Next up is my new clamp rack. I done this one just for the sake of doing it. Most of my clamps I’ve always kept standing in a corner. I decided to build this onto my table to hold them all in one place so I could easily get to them without all the falling clamps like I’ve been getting from the stand in the corner method.
I had built something like this once before, way back when. The weight of the clamps tore the corners loose though.
I didn’t have the Stumpy Nubs box joint machine then though.
With these quarter inch box joints, this rack is much more sturdier than the one I had before. I think it’ll last pretty good. We will see.
And moving on…...
I admire all the fancy smancy workbenches I see people building. They are absolutely beautiful. I don’t want one though. I’ve always liked my table with the particle board screwed done to it. I like it for the plain reason that I don’t care what happens to it. I can destroy it working on it and the worst case scenerio is that I have to find another table on the side of the road to make another work bench out of. I paint on it, write measurements on it, pound on it. I even bolt things to it if needed. If the top layer of particle board gets in too bad of shape, I just throw on a new layer, put some screws in it, and keep on going.
I did want some improvements though.
So recently I threw together some shelves under it.
Then I wanted me an end vice on it. I couldn’t find a commercially available one that would cover the end of my four foot wide table though. If I had, I couldn’t afford it. Let me make this clear. I am broke. I am so broke right not that if the steam boat was nickel a ride, I’d have to run up and down the bank singing aint that nice. So I had to get around this little problem with things I had available.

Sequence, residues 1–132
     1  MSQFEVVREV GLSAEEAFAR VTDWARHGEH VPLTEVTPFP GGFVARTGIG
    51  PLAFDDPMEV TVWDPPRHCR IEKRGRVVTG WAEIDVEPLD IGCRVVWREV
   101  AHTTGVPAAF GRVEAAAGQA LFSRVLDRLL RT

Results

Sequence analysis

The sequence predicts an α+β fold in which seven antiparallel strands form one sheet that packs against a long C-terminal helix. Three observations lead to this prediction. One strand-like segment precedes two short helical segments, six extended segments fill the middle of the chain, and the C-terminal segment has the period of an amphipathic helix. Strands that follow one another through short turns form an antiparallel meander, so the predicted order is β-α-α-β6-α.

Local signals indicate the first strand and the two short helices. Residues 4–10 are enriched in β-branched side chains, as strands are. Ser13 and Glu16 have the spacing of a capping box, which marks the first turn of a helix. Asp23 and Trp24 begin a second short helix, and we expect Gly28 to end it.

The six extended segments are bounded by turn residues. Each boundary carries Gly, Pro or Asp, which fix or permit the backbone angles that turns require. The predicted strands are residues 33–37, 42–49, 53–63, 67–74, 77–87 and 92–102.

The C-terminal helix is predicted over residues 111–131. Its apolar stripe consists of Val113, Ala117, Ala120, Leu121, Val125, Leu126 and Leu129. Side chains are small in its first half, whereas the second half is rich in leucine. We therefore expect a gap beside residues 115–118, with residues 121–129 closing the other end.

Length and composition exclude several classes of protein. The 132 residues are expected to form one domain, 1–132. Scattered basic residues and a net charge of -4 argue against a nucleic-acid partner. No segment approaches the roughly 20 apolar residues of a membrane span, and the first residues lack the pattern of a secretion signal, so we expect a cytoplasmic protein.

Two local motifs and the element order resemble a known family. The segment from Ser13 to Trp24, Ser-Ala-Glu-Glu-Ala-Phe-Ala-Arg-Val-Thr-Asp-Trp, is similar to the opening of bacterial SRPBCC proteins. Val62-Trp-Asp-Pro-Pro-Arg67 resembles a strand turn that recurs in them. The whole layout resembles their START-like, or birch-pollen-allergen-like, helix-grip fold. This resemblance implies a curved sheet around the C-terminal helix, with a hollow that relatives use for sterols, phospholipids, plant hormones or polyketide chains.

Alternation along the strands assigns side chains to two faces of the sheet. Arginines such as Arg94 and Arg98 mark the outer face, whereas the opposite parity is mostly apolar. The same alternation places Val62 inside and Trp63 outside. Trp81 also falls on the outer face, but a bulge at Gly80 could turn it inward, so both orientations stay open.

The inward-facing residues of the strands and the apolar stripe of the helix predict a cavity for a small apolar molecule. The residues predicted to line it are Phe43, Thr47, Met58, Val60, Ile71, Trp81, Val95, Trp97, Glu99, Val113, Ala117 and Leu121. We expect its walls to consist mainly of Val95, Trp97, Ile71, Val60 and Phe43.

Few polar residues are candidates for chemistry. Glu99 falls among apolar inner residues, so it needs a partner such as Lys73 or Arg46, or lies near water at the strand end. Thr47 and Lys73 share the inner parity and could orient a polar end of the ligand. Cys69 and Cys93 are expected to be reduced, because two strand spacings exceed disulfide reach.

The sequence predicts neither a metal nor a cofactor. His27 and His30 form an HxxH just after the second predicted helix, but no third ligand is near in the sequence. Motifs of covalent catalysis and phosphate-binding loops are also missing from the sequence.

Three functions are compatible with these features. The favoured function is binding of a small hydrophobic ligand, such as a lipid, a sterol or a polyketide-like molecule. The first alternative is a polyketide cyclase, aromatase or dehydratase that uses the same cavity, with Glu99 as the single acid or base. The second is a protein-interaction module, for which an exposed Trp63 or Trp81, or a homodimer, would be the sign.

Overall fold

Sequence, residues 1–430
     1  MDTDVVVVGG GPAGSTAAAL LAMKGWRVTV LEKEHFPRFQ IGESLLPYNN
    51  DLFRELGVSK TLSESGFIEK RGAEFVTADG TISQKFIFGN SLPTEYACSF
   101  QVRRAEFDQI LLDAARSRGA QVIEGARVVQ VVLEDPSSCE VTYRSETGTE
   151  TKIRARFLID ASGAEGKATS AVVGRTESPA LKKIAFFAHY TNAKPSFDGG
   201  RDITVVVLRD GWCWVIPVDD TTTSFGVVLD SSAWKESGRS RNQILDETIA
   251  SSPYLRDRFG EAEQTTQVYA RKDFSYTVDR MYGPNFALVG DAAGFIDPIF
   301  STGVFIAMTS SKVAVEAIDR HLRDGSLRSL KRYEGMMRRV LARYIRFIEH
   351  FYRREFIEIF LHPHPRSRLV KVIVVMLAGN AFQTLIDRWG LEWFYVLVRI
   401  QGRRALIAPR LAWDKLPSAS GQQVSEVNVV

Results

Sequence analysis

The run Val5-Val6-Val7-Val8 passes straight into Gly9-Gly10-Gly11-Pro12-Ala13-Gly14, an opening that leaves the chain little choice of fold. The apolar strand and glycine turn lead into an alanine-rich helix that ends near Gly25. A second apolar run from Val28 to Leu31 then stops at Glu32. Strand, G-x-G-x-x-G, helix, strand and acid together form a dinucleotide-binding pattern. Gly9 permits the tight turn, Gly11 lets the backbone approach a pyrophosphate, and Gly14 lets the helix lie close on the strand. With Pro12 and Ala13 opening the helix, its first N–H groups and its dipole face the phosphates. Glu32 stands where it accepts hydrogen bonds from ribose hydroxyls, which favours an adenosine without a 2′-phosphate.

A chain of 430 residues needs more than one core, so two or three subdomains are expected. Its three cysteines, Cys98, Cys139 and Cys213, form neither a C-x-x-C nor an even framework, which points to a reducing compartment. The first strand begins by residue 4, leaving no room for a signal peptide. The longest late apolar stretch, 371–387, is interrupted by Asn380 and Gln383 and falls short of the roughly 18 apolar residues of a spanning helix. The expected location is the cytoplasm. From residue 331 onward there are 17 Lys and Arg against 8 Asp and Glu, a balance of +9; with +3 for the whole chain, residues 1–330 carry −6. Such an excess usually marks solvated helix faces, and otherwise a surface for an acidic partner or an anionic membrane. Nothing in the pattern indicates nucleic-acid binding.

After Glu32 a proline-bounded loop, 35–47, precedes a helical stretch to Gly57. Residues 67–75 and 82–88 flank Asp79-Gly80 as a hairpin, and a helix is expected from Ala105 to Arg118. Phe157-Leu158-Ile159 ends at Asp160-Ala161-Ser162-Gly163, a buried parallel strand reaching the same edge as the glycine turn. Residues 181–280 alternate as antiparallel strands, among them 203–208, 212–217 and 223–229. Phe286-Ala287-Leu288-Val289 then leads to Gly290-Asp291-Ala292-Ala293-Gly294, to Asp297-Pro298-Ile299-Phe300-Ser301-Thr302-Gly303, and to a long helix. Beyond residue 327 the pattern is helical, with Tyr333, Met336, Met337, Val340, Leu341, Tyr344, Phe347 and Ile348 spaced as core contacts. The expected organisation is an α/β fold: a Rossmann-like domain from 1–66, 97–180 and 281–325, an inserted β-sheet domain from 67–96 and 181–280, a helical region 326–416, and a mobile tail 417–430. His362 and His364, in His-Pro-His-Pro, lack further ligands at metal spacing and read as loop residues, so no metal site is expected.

My shop made, four foot, twin screw, pipe clamp, end vice.
I made a wedge system under the table to accomodate sliding the pipes out to near the depth I want without having to have help holding the releases on each side.
This consists of a block of wood that is slotted to be moveable, while still being held under the table. A half inch behind that, there is another block that is immobile. There is a wedge that is also slotted and held under the table that wedges between those two blocks, pushing the release.
To pull it out, you just hit the wedge on each side of the table with your hand and pull it out far enough to put your work piece in.
It comes out far enough to accomodate a five foot wide work piece. So it will definately hold anything I’ll ever need it too.
The pipes go through holes under the table to prevent sag when pulled way out. I had runners under the particle board that I ran holes through to allow this. The table is plenty heavy enough to hold up the vice’s weight plus anything you wish to put in the vice.
Pull your wedges out, push the vice plate against your workpiece, and tighten up. Then you’re good to go.
Oh, if anyone notices the extra holes cut in the outer vice plate, they are there for a reason. I put them there as conversation points. I did not measure wrong and cut holes in the wrong place.